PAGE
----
I have resisted calling myself a “coach” for agencies. In my mind’s eye, I see a coach as doing something slightly different from the consulting advice that I provide.

When I ran CustomScoop, I liked to call it a “media intelligence” service instead of “media monitoring” or “online news clipping” because I believed it provided a more apt description of the services we offered. I was not alone in this attempt among other providers in the space.

Yet when clients of these businesses tell others about them, they use the terms “coaching” and “media monitoring.”

It’s a good reminder that most of us don’t have the power to control the language of the marketplace. Instead, we must adapt to it.

That doesn’t mean we can’t explain why we are different from the common understanding of those terms, but we can’t stop using them altogether.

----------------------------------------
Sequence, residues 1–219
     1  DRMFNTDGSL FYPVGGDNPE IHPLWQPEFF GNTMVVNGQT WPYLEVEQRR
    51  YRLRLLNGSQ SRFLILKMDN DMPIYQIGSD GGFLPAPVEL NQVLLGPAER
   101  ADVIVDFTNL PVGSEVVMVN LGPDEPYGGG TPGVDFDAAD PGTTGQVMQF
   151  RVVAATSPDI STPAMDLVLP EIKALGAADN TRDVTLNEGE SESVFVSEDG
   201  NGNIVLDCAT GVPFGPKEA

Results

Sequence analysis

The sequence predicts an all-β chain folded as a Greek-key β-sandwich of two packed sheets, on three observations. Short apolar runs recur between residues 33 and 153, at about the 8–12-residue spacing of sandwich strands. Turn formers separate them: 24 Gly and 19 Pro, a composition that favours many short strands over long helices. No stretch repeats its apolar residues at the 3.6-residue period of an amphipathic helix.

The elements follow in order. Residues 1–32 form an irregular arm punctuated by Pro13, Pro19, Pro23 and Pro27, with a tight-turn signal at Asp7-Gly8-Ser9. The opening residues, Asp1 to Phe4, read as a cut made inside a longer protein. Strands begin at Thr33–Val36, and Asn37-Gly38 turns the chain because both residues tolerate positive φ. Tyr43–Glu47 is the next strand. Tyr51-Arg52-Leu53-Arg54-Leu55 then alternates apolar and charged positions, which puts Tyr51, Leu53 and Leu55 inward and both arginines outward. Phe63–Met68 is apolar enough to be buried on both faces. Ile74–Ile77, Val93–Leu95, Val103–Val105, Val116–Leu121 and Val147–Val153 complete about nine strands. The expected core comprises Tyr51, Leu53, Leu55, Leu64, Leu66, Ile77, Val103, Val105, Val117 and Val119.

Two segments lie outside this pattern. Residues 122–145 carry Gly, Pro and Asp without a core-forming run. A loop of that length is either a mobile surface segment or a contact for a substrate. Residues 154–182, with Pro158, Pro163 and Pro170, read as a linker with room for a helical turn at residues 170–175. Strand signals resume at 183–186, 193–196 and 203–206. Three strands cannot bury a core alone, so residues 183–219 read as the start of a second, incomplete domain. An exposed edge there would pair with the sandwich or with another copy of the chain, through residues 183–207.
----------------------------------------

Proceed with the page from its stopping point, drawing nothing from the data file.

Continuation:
Using the language of our customers helps to ensure that our websites and other marketing materials are easy to navigate.

Using the language of our customers helps to improve search engine performance — after all, we need to use the words that prospects will type in when looking for the services we offer.

Using the language of our customers helps to shorten sales cycles by removing an obstacle to understanding what we do.

If you want to go beyond the existing vocabulary, that’s fine. It can be a powerful differentiator to explain a new term or a new outlook.

But you ignore the language of your customers at your own peril. Start there and build upon it instead of trying to replace it.